Airman’s Address : 2139 E 32ND ST
    TULSA, OK, 74105-2213
    FAA Region : Southwest
    Date of Medical : Oct, 2009
    Class of Medical : 2
    Expiration of Class 2 : Oct, 2010
    Airman Certificates : Commercial Pilot
    Airplane Single and Multi Engine
    Airplane Single Engine Sea
    Instrument Airplane
    Flight Instructor (exp: 31-Jul-2012)
    Airplane Single and Multi Engine

    According to the information I have been able to glean, he was in the Army, but was taught to fly by the US Navy. Whether he was actually in the Navy for a time is not clear from the biographical information I find; however, I find it strange the Navy might have been teaching a member of the Army to fly. It is not unusual for a member of the service to request a transfer to another service, so it is possible he started in the Navy and ended up in the Army. As I said, the biographical data on that is rather sketchy. I suppose one could get a copy of his DD-214 under FOIA.

  11. OS,

    In re Navy training. I don’t think it’s that odd considering they were still transitioning from the Army Air Force (formerly the Army Air Corps) into the Air Force during the 1950’s. They didn’t become the U.S. Air Force officially until 1947. I can see a situation where that transition may have left them a bit short on trainers and borrowing some from the Navy. The Armed Forces have been known to cross-train.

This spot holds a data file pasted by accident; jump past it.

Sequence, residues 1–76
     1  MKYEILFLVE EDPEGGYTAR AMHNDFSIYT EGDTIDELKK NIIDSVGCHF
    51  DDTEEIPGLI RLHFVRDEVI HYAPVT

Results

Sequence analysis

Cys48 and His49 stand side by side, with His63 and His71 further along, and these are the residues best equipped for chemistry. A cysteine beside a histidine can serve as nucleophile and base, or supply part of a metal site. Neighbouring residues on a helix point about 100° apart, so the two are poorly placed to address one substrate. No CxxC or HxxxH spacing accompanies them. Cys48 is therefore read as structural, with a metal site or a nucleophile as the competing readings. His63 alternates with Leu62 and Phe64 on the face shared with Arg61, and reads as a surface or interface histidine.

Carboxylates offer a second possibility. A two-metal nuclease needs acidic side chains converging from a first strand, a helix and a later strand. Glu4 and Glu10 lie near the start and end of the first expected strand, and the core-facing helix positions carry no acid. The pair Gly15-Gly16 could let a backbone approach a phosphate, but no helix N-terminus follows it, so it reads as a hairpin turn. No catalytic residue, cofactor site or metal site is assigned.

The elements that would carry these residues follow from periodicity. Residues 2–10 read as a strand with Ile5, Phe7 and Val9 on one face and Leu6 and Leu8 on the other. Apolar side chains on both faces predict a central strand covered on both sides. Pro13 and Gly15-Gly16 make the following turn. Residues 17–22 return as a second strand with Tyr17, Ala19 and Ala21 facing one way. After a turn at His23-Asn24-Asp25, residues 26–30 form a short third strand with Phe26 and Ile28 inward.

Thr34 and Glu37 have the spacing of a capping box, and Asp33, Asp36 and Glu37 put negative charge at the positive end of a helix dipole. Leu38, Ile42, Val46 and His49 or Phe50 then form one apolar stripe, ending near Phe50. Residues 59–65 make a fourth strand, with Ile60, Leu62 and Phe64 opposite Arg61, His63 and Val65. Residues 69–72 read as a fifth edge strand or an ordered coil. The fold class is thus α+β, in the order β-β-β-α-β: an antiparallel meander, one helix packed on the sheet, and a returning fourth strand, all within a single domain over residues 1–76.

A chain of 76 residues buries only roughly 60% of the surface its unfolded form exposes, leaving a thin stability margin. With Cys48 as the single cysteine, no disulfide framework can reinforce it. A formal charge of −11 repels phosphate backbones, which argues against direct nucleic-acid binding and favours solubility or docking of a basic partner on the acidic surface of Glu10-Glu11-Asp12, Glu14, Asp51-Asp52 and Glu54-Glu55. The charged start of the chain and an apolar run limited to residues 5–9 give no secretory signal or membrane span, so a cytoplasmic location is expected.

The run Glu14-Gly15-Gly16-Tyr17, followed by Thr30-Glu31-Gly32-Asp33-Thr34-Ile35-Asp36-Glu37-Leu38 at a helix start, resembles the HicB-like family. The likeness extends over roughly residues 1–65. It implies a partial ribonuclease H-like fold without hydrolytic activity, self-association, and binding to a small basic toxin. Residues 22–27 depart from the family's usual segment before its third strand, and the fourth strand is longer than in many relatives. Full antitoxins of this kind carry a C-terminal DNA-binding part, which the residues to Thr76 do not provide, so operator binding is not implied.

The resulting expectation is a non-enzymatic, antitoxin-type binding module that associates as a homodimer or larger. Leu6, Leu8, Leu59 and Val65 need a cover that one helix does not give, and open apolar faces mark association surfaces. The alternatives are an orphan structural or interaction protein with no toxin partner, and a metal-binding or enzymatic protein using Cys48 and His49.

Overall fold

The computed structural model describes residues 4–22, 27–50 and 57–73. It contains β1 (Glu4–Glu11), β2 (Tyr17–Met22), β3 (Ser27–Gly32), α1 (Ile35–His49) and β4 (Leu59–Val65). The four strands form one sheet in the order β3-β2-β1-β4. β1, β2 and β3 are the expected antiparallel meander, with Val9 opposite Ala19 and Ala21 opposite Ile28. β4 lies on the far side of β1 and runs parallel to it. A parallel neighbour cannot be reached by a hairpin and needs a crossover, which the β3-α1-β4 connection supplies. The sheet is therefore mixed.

12. The database is current. It only shows currently licensed airmen. Also has a vast database of US registered aircraft. Aviation Medical Examiners, etc. Go to and at the bottom of the page you will see links to the databases. For example, here is mine:

    Class of Medical : 3
    Expiration of Class 3 : Feb, 2012
    Airman Certificates : Private Pilot
    Airplane Single and Multi Engine Land
    Glider Aero Tow
    Instrument Airplane

    I used to have a second class medical, but have no interest in flying commercial, so let that go for the easier to pass third class.

  13. rafflaw,


    “Inhofe should have been grounded. OS, if you or I had one that we would have been flying commercial from then on.”

    Ain’t that the truth. Special rules for special people…

  14. raff, revocation of a license is the most draconian penalty the FAA can impose, and is not used as much as people might think. If he had tested positive for drugs or alcohol, however, that would have pulled the trigger for revocation. Every pilot does something really stupid once in while, so they save revocations for the most egregious offenses.